Spring recap: Three preserves, four workdays, and lots of helping hands!

By Camryn Brent, Huron Pines AmeriCorps Member

It seems like just yesterday we were anxiously awaiting the arrival of spring, and now, summer is already here!

So where did the time go? That’s an easy answer for me and my fellow Huron Pines AmeriCorps member Ally! Not only were we busy with vernal pool monitoring and preserve stewardship projects, with the help of Preserve Stewardship Manager Kyler Moran, we held four workdays at three different Legacy preserves–Johnson, Beckwith, and Shatter.

Lloyd and Mabel Johnson Preserve

Legacy has been working for many years to remove woody invasive species from the forested areas of Johnson Preserve. More recently, we have been focusing primarily on the hedgerows near the prairie. These forested strips contain invasive woody plants such as common buckthorn and honeysuckle that threaten to expand into the prairie.

In the constant battle to control their spread, we are always looking for new and innovative management methods. Typically, our volunteers help cut the buckthorn and honeysuckle down and then Legacy staff apply herbicide to the stump. But this year our stewardship team is testing out a new herbicide-free method–sheep!

In March and April, two groups of Eastern Michigan University (EMU) students helped cut down the invasive shrubs into a more snackable size for our upcoming four-legged crew members.  And instead of Legacy staff applying herbicide, this fall we will enlist a herd of sheep via Project Mow to eat the buckthorn and honeysuckle sprouts. The sheep will be fenced in around the hedgerow and supervised as they browse the invasive understory plants. 

We’re not sure how our first prescribed grazing experiment will pan out, but we’re excited to watch it unfold. Be sure to check back with us in the fall for updates on the sheep’s progress nibbling away at the resprouts!

A special thank you to Johnson Preserve Steward Chuck SawickI, EMU Sierra Club, and Dr. Maria Goodrich’s biology class!

Beckwith Preserve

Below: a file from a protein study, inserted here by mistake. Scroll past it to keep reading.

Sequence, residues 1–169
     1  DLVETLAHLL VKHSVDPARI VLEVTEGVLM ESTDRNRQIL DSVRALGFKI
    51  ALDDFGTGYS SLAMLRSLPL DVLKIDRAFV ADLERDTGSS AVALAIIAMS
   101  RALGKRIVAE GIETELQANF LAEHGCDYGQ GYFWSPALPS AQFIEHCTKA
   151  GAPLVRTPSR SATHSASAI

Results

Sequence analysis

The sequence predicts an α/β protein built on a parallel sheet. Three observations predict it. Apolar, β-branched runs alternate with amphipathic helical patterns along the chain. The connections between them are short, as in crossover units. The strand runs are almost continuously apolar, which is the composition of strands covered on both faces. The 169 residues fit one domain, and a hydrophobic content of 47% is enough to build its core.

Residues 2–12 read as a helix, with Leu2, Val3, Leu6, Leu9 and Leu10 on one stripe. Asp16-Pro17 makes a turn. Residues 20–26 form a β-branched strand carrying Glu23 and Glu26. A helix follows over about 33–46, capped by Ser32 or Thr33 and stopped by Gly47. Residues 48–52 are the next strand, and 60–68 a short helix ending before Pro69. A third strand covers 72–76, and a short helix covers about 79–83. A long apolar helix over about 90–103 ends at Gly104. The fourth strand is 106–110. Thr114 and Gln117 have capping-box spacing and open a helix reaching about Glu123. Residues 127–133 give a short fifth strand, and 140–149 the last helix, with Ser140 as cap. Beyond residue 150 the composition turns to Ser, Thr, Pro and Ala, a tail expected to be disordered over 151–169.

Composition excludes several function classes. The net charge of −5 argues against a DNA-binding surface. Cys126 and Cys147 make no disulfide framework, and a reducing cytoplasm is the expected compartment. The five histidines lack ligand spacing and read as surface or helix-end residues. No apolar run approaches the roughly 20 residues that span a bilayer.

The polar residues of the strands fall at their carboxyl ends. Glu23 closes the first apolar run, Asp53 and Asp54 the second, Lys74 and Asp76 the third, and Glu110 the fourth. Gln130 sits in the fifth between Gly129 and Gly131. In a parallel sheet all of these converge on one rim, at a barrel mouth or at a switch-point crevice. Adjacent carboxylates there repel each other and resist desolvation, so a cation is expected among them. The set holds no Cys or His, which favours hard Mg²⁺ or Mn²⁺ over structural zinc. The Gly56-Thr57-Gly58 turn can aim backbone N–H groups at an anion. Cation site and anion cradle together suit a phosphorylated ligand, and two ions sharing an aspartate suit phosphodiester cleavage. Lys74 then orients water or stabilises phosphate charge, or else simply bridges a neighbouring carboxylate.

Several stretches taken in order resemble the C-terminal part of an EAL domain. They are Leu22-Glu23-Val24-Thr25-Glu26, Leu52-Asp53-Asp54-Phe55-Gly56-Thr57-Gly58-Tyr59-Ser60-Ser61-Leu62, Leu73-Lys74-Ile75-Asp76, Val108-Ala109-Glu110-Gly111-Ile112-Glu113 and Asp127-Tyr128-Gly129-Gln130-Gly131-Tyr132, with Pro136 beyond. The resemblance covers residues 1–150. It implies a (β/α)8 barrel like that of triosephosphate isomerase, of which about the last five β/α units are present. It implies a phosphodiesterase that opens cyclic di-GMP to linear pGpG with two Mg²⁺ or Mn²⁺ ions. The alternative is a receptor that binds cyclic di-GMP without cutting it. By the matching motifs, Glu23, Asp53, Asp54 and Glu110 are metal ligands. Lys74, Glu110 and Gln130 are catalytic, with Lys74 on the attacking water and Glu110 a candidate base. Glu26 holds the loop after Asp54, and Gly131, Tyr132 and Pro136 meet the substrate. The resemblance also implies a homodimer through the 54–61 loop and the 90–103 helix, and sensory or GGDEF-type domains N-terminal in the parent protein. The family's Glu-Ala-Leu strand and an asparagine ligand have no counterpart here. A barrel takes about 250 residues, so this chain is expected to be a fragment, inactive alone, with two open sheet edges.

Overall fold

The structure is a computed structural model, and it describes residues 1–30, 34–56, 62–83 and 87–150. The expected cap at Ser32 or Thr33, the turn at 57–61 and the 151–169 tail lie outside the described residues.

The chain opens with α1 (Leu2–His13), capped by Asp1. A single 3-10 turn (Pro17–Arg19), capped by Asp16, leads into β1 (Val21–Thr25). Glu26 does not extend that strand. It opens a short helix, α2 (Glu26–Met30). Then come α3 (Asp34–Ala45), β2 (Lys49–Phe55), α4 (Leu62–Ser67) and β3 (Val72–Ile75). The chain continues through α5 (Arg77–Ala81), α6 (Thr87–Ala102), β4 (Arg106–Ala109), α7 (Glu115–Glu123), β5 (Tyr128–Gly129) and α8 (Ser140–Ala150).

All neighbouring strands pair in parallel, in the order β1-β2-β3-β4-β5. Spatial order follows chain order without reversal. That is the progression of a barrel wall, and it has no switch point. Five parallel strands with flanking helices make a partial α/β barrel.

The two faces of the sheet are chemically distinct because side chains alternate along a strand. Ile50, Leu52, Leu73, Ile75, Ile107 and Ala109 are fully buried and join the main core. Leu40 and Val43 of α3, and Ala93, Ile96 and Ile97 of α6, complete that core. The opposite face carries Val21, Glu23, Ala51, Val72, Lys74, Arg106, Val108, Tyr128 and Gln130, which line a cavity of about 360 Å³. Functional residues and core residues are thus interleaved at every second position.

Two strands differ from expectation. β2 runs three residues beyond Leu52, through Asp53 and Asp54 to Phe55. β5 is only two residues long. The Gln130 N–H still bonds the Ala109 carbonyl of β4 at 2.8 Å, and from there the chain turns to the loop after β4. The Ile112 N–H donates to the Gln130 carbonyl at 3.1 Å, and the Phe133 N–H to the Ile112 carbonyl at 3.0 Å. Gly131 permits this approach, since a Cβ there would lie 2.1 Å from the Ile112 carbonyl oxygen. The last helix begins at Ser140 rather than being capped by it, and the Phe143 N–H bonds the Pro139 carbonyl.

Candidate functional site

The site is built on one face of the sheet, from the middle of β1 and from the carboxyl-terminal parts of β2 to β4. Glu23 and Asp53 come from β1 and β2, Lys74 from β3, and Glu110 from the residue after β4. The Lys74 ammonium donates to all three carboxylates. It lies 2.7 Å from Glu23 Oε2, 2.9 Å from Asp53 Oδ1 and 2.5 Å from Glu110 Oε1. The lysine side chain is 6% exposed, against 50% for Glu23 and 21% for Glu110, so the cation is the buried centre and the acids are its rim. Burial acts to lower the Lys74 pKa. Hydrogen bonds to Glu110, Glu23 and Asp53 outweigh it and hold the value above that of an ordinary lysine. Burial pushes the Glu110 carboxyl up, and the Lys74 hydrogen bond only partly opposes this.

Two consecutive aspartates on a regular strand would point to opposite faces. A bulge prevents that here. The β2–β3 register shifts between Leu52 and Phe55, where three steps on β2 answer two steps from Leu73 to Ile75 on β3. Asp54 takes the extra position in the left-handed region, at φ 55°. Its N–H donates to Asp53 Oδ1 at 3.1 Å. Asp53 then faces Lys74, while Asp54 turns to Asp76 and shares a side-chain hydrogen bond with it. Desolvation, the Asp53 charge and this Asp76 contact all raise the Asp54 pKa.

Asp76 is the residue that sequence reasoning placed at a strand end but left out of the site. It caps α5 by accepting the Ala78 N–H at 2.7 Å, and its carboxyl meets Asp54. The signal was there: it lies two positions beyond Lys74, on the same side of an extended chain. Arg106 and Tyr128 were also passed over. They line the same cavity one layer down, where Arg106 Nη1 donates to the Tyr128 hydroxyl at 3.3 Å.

In April, volunteers from the Stockbridge Area Wellness Coalition joined us as we continued work to control the invasive garlic mustard plant at Beckwith Preserve.  Picking garlic mustard can be a lonely and overwhelming task, but having other people join in makes the time fly by! It was also nice to meet the people who use the preserve regularly. It makes our work all the more rewarding. 

Thank you again to the Stockbridge community for spending an afternoon with us and clearing out a sizable portion of garlic mustard at the preserve!  

Shatter Family Preserve

We also had the privilege of hosting a Plymouth-based Girl Scout troop at the Shatter Family Preserve in late April. The group of elementary school-age kids and their grown-ups removed glass bottles, containers, and other trash that had been dumped on the preserve decades ago.  When they were done, the kids took home bags full of unique glass pieces they found to create personal garden mosaic tiles and celebrate Earth Day!  We found so many hidden treasures that day. It was a blast to unearth the glass and send everyone home with a mosaic kit with their favorite found pieces. 

Thank you to Brownie Troop 40761 for helping us clean up Shatter Preserve! And a special shout-out to Ally for coming up with this great project and organizing it!

Thanks to the generosity of every volunteer who donated their time and energy this spring our workdays were a success!  Taking care of our preserves is an enormous job and it wouldn’t be possible without their support. Thank you, volunteers!

Leave a Reply

Your email address will not be published. Required fields are marked *